• Reducing saturated fat intake
  • Food safety

Section 4: Keeping active

  • Safe exercise during pregnancy
  • Planning activity
  • Pelvic floor exercises
  • Reducing sitting time

Section 5: Healthy pregnancy weight gain and energy balance

  • Energy density and food substitutions
  • Strategies to slow rapid weight gain
  • Healthy snacking

Section 6: Meal planning and preparation

  • Creating healthy meals
  • Grocery shopping planning
  • Plating portion guide
  • Strategies for healthy eating away from home

Section 7: Mindful eating

  • Breaking the dieting cycle
  • Hunger cues
  • Mindful eating
  • Overeating triggers
  • Food and emotions

Section 8: Celebrating success and planning ahead

  • Planning ahead
  • Potential obstacles
  • Celebrating success
  • Getting support from others
  • Healthy eating during breastfeeding
Textbox 1. Living Well during Pregnancy participant workbook content.

Accredited Practising Dietitians with experience in providing antenatal care services who have undergone additional training in motivational interviewing will be trained in the delivery of the program. A training manual detailing the program protocol including call transcripts will be provided to all dietitians delivering the program. This additional training includes program philosophy, person-centered care, work shadowing, and the delivery of each call with provision of feedback from the trainer and a checklist of training requirements prior to commencing program delivery. At the completion of each call, the dietitian coach will be required to complete a fidelity checklist to assess the degree to which the call aligned with the protocol.

The program is structured to offer flexibility in the scheduling of call times outside of usual business hours, with early morning and evening times available. Additionally, a caseload continuity of care model will be offered where each participant is allocated one dietitian coach for their pregnancy. Upon booking the first coaching session, each participant will be provided with a welcome letter with information about her coach to assist with establishing rapport.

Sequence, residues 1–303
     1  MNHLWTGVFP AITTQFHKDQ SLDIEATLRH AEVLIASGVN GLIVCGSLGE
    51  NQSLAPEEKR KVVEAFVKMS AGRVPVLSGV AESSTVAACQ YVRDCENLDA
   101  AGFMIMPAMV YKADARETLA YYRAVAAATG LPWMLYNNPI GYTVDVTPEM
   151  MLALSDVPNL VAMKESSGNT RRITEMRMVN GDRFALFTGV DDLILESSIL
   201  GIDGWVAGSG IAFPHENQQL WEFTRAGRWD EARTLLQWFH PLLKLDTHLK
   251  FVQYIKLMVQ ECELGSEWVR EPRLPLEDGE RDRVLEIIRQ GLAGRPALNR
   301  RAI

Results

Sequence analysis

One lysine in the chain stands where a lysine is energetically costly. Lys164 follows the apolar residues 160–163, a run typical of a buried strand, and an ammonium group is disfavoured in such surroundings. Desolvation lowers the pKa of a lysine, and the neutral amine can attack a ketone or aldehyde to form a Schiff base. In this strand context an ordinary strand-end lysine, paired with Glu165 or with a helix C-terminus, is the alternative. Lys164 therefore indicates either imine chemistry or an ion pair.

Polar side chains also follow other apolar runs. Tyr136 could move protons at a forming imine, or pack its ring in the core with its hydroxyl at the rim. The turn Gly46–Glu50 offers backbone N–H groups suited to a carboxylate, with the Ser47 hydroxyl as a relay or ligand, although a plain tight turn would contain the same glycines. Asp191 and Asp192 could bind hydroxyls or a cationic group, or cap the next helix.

Intervention Procedures

The participant workbook will be used to structure the order of intervention topics for each telecoaching session (Textbox 1). Participants will be encouraged to commence with a focus on healthy eating, as there is strong evidence to support dietary interventions for moderating pregnancy weight gain [33,34]. However, the intervention is tailored to meet individual participant’s needs and motivations.

In the telephone-delivered program, the calls are structured into three phases (Multimedia Appendix 2), with weekly, biweekly, and then monthly phone calls. Frequent contact at the beginning of the program provides more intensive support for behavior change from the outset. Less frequent contact in the latter part of the program facilitates participants’ autonomy and confidence in consolidating and maintaining lifestyle changes such that they will (optimally) become lifelong habits.

Usual Care

The retrospective group was provided with traditional, unstructured face-to-face dietetic care. Women were offered individual appointments with the dietitian in a dedicated clinic within the maternity outpatient department. An initial appointment was booked for 40 minutes, with review appointments allocated 20 minutes. There was no guarantee of the same dietitian at each review appointment, and review appointments were booked based on clinical judgment in negotiation with the woman. No specified educational content or strategies were provided.

Data Collection